• Gidget




    Released By: Twilight Time
    Released On: November 14 2017.
    Director: Paul Wendkos
    Cast: Sandra Dee, James Darren, Cliff Robertson, Arthur O’Connell, Joby Baker, Yvonne Craig, Doug McClure
    Year: 1959
    Purchase From Screen Archives

    The Movie:

    Ask legendary big wave surfer Greg Noll what he thinks about Gidget, and he won't have anything to say that's not laced with profanity. True, Noll and his buddies were enjoying their relatively anonymous lives as surf bums in California and Hawaii, a small group of dedicated friends in one of the most notorious lineups ever seen, when the success of The Beach Boys and Sandra Dee's Gidget sent everyone with a few bucks and a station wagon down to the coast to check out the newest teen sensation of surfing. Based on the books by Frederick Kohner, father of a teenaged female surfer, GIDGET was, in an eyebrow-raising ad campaign, geared towards adolescent males too young to "Fidget with Bridget".

    Sandra Dee was kind of a precursor to those 80's films where sex symbols had to act like teenagers who couldn't get a date to save their lives while the entire teenaged viewing population contemplated giving up a limb to spend five minutes alone with them; check out that cover art. Sandra Dee is a sweetheart. Of course, in the film, she's 16 year-old Francie Lawrence, a tomboy whose friend Patti pushes to head down to the beach to get with the available boys before she ends up an old maid at eighteen. Manhunting doesn't work out too successfully for Francie, whose physical presence can't match up to the buxom blitzkrieg that Patti and the other girls lay down in their two-piece fashions of the day. To add insult to injury, Francie doesn't know the tips and tricks to draw in the boys, and furthermore, couldn't care less. A third factor complicates matters further, in that the boys the girls are after; Moondoggie (James Darren), Stinky (Joby Baker), Lover Boy (Tom Laughlin...BILLY JACK!!!) and the others, led by The Big Kahuna (Cliff Robertson); are surfers who live for nothing but waves, although they will show appreciation for the fairer sex when the tide is out.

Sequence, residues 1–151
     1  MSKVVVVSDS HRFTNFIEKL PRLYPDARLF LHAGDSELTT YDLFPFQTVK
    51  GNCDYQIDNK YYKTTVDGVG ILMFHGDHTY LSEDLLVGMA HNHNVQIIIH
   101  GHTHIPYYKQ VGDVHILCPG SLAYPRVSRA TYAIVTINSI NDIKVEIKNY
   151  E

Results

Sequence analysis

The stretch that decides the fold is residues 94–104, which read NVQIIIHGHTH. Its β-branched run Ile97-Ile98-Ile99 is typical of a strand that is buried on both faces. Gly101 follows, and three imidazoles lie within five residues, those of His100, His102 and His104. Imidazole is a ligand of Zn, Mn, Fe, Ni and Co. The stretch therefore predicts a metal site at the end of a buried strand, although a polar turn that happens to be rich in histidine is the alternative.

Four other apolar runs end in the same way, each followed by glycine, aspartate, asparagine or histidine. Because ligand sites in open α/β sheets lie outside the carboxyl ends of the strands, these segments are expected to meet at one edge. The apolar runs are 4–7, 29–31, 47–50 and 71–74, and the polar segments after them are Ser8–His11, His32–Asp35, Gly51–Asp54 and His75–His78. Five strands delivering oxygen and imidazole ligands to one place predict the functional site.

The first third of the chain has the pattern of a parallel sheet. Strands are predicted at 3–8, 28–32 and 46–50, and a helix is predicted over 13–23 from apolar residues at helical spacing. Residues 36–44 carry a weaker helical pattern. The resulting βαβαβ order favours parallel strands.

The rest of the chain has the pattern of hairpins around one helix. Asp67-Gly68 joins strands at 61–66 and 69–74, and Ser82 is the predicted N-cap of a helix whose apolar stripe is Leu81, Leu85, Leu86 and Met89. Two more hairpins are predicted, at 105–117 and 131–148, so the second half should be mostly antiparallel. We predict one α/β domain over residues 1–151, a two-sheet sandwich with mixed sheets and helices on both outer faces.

It's not long before Francie's indifference takes over, leading her to go snorkelling over hanging with her friends, a move that the more experienced girls recoil from, refusing to allow themselves to look so ridiculous. Francie's apathy leads to disaster, however, when she's caught in the seaweed that dominates the coast, dragging her towards the ocean floor and away from precious air. Fortunately, Moondoggie cottons on to what's happening quickly and paddles out with his huge-ass wooden longboard to save the drowning girl, and since the tide is in, chooses to catch a wave with the semi-conscious teen laying prone on the deck of his board, catching the whitewater wash to the safety of the shore. Unbeknownst to Moondoggie, he's just exposed Francie to "shooting the curl", a surfing maneuver that the young girl has decided is the most exhilarating thing that she's ever encountered. Sure, she might be laughed at as "jailbait" by the other guys, but Moondoggie still feels the need to sing a song to the half girl, half midget....the "Gidget"....to let her know that she's the one for him...kind of. Unfortunately, despite Gidget's commitment to surfing and her willingness to shell out for a water-logged board from Stinky, Moondoggie has a lady friend named Joanne, and she bats outside of Gidget's weight class.